In other words, the steel vs. aluminum debate has been going on for years when it comes to transportation, long before aluminum became a potential metal for automobiles with any production scale. However, today, the playing field on which the two compete has clearly moved to the automotive vanguard, given the massive amount of dollars on the line. Our sister site MetalMiner, is in the midst of running a series titled Car Wars, thoroughly addressing the subject. In the first article, MetalMiner suggests that "metal product substitution appears live and well within the automotive industry. One need only visit a few websites -- for example, Alcoa's -- to see how it describes the aluminum value proposition, or this slick video from Novelis on the Jaguar XJ aluminum body or the Aluminum Association's website articulating the virtues of aluminum over other materials."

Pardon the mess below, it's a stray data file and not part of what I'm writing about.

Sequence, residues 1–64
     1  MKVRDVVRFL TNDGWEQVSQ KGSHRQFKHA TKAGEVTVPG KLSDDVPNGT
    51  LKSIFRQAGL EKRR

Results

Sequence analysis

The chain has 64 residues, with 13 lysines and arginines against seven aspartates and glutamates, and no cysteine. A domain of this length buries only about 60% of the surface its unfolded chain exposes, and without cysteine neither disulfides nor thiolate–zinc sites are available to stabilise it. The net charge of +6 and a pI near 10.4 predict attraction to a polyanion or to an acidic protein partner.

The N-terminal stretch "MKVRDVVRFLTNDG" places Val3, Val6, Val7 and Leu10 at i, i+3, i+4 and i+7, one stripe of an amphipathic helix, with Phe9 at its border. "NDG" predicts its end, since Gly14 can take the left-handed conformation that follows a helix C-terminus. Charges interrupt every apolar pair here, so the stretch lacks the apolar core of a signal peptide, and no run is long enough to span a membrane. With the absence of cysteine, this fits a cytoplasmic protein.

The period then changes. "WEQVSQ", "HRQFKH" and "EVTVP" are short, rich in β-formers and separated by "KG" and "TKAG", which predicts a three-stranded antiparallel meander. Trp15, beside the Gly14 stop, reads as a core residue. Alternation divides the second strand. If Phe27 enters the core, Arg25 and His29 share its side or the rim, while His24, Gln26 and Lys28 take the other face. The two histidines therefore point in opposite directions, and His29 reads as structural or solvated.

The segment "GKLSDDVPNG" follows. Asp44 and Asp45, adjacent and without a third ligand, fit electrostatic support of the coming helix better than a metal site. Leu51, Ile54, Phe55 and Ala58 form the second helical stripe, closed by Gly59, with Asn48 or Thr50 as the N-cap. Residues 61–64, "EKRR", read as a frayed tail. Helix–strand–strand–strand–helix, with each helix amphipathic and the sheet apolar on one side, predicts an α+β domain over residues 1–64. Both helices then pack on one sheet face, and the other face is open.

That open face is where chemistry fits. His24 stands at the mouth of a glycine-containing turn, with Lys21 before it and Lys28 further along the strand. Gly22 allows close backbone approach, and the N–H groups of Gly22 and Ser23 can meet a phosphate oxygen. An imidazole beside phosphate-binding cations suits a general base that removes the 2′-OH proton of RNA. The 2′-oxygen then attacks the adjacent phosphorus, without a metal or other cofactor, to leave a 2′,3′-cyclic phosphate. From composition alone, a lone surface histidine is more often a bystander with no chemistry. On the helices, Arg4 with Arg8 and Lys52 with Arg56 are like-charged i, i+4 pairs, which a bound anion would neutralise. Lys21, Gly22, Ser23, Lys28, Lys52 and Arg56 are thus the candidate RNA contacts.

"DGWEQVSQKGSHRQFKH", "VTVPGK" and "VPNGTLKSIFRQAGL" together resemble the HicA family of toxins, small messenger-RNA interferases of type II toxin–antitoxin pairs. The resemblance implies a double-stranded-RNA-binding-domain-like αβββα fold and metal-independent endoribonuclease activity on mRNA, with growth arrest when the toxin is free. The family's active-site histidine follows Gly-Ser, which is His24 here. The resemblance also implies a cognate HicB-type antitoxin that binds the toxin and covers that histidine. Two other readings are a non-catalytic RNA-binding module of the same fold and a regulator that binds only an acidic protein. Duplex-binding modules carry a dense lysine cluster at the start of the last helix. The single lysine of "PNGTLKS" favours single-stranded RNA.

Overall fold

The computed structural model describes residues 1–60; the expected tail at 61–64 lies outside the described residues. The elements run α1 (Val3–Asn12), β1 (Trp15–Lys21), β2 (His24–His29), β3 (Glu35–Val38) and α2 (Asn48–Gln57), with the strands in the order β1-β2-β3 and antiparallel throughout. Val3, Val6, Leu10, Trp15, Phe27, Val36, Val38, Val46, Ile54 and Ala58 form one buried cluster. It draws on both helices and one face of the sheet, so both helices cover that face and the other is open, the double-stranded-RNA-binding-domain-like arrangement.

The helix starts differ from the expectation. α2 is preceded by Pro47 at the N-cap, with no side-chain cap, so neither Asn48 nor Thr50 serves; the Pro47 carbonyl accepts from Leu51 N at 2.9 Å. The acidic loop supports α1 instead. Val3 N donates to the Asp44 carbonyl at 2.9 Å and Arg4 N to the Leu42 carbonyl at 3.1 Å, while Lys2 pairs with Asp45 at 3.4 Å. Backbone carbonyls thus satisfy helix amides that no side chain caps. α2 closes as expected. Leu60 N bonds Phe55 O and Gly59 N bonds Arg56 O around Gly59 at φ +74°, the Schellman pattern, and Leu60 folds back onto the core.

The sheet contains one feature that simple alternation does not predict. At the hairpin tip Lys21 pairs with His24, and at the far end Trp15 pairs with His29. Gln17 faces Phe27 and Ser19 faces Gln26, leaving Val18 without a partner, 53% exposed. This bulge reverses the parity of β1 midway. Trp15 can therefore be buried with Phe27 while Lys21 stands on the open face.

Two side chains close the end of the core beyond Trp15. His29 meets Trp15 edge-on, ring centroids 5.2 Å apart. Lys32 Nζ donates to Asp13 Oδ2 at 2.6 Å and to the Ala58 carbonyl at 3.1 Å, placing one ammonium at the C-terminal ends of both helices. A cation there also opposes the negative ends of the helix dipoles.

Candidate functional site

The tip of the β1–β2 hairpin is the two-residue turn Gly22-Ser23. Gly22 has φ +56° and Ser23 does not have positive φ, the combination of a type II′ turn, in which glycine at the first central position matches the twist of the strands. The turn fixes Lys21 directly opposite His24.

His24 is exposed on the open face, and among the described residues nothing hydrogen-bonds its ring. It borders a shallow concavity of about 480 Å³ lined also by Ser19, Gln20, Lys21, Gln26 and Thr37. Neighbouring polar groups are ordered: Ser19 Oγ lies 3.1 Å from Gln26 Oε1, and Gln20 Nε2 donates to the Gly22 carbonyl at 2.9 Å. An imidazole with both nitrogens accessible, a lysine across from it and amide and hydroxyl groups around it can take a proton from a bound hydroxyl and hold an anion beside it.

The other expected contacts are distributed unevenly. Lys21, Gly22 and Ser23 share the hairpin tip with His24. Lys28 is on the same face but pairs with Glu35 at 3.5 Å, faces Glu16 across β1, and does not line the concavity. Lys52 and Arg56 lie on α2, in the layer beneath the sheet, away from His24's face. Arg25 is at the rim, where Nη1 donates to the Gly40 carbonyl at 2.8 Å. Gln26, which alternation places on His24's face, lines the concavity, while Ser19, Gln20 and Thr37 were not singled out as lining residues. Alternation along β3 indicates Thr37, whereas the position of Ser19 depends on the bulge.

But steel is not sitting still. According to MetalMiner, "it has conducted considerable product innovation to address some of the specific benefits the aluminum industry has touted." MetalMiner outlines the basic case for both types of automobile metal in their analysis, but also suggests that we should consider additional factors, such as "aluminum shortages that have already started to appear in the European automotive industry."
Moreover, there's the legislative angle as well: "Aluminum, as a global industry, has a strategic advantage over the [largely] domestic steel industry currently supporting the auto sector. Any climate change legislation would handicap the steel industry while allowing the aluminum industry to leverage global supply options not subject to such legislation."
Part One of the steel/aluminum car wars debate on MetalMiner is a fascinating read, regardless of what industry you're in (plus the Star Wars allusions are great). We'll cover further posts in the series in the coming weeks as the debate hits smelter temperature.